#Blogtober - vSphere and Infrastructure as Code

- 2 mins

This post was previously hosted on a different site and then migrated here.


Part 1 - What is “Infrastructure as Code”?

Infrastructure as Code, or programmable infrastructure (my preferred term), is the practice of managing and defining the configurations, and automating the deployment, of infrastructure components. There are several benefits to using this kind of methodology, not least bringing things like version control, automated testing and staging, and predictable delivery to infrastructure deployments.

There are typically two kinds of software used to manage programmable infrastructure - Orchestrators, and Configuration Management tools.

Orchestrators: Orchestrators typically use codified infrastructure files to provision and build servers, or datacentre objects, automatically, based upon the values specified in their configuration files. Popular examples of this kind of software include Terraform, and AWS Cloudformation.

Config Management tools: Configuration management tools, such as Chef, Puppet, and Ansible, take this a step further. They are predominently designed to install and manage software on existing servers. Again, this is an excellent method to ensure consistent deployment of applications, and to mitigate things such as configuration drift across servers through their lifecycle.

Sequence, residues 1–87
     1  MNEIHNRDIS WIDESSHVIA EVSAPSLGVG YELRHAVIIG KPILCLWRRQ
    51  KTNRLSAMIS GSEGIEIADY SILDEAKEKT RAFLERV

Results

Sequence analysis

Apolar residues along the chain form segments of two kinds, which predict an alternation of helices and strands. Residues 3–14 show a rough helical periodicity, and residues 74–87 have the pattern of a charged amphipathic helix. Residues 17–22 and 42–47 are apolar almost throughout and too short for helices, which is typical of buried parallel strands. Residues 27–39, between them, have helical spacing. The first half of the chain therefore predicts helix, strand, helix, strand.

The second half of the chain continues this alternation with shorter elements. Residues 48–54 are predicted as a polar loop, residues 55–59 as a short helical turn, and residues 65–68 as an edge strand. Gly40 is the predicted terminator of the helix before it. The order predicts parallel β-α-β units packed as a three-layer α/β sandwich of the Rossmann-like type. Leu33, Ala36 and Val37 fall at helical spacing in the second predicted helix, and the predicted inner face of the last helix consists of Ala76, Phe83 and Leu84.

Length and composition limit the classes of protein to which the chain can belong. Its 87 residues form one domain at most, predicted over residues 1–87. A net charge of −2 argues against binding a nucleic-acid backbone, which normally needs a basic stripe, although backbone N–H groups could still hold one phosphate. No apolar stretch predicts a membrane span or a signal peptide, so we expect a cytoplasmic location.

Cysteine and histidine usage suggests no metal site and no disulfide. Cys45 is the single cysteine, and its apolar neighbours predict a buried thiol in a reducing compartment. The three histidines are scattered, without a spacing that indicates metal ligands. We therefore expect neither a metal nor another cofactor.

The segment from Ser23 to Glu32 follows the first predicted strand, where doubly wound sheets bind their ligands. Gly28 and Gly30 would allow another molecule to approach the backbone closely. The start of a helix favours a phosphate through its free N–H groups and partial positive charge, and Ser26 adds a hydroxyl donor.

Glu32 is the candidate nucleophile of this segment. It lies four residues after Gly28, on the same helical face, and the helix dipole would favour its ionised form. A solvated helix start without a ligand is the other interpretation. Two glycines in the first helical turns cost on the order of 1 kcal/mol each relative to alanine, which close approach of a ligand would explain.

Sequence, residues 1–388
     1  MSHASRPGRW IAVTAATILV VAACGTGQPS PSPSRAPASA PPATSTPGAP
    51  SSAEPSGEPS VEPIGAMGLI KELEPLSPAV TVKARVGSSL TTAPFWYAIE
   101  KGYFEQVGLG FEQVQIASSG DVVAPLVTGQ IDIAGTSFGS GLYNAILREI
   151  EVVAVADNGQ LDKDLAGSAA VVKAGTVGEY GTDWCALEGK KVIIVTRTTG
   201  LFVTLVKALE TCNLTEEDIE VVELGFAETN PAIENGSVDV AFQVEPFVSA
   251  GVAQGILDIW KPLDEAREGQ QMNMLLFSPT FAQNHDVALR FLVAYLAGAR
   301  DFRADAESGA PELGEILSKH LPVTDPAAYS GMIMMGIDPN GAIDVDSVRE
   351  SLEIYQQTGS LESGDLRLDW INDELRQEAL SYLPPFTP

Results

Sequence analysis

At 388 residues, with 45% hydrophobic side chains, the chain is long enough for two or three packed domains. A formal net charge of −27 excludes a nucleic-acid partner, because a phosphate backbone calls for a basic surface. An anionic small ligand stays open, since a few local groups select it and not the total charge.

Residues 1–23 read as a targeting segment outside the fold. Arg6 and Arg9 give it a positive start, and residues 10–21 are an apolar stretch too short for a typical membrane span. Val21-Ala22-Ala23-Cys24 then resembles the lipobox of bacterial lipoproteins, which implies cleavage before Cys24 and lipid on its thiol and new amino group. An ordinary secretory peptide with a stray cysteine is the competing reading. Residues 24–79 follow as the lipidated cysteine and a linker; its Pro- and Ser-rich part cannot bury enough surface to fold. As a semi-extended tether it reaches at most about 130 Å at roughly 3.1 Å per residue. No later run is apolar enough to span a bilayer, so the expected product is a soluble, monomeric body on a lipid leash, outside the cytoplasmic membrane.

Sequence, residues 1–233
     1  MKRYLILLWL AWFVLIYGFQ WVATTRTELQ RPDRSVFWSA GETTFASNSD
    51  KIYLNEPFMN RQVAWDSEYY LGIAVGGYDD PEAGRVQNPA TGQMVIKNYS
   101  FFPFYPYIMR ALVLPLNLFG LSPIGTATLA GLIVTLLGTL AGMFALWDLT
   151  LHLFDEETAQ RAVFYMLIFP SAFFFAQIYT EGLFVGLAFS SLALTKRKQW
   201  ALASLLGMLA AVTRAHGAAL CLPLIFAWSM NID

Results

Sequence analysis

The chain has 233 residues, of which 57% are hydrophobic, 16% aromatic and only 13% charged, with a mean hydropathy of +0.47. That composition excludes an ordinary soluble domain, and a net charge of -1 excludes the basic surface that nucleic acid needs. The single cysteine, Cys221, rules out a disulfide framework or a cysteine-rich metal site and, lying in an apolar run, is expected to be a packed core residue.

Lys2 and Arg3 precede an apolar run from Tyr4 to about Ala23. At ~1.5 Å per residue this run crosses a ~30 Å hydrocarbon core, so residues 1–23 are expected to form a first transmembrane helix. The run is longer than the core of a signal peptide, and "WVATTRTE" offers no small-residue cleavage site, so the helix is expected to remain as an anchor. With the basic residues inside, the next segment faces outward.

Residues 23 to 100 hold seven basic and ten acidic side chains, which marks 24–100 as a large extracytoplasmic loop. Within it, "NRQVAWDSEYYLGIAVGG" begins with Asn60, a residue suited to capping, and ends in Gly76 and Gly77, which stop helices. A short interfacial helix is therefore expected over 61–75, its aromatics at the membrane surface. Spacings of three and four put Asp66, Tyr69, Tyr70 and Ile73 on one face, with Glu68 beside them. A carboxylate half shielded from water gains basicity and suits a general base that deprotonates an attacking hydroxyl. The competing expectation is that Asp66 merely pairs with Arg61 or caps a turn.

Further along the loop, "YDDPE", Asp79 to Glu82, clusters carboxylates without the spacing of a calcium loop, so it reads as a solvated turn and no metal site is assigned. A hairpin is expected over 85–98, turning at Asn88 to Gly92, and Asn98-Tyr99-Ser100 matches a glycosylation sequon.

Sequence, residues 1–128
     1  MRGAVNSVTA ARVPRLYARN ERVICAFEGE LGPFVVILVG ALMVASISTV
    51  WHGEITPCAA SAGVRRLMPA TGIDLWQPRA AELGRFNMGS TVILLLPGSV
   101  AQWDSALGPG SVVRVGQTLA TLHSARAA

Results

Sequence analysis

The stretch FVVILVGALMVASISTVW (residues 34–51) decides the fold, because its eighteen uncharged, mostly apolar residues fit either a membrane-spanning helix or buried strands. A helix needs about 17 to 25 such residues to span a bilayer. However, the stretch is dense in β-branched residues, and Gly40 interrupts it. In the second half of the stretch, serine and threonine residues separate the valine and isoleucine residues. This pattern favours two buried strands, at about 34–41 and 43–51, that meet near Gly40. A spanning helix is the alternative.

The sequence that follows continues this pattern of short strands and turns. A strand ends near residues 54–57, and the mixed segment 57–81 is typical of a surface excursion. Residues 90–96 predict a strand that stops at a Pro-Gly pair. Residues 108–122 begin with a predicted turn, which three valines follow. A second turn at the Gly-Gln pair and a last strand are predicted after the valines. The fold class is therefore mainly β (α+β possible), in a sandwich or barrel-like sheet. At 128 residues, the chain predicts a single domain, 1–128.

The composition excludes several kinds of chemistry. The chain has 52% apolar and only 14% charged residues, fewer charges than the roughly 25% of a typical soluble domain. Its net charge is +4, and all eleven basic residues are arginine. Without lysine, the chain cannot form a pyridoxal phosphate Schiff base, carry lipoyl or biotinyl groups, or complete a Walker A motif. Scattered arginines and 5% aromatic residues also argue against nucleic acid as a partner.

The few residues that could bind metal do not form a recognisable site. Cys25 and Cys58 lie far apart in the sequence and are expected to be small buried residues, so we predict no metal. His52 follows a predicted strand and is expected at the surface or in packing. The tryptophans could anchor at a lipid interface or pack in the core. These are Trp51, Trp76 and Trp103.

Over the course of #blogtober, which clearly I’m starting late, I’ll show a series of posts around manipulating vSphere with both an Orchestrator, and then how to use a Config Management tool to install and manage applications within VMs.


I’m going to be using Terraform and Chef for the purposes of this series, and although I am familiar with Terraform, I will be learning Chef as we go, which is always fun. So go easy on me…

At a high level, Terraform uses a series of components to interact with your environment (or a public cloud platform). These include:

Providers: Terraform supports multiple providers, be they Public Cloud platforms like AWS or Azure, Docker, OpenStack, or as we’re going to see here vSphere. I have heard exciting rumours about a Nutanix provider about to drop, too. A full list can be found on GitHub

Resources: Resources is where you define your components, be that a server, a VM, or whatever.

Provisioners: Provisioners is where you can call an additional 3rd party config management tool, in our case Chef, or execute scripts to bootstrap or manage the resource Terraform has just created.

To close of this first #blogtober post all we need to do is install Terraform.

Because Terraform is written in Go, it’s a piece of cake to install regardless of your platform. I’m using a Mac, so all I need to do is to pull it down from Homebrew with the following command:

brew install terraform

If you’re using Windows or Linux you should just be able to download the Terraform binary and place it into a location in your $path.


In the next post we’ll look at how to provision vSphere VMs using the Terraform vSphere provider.

Ed Morgan

Ed Morgan

GTM Technical Lead @ Rubrik, I like the Cloud, automation, and picking heavy things up then putting them down again.

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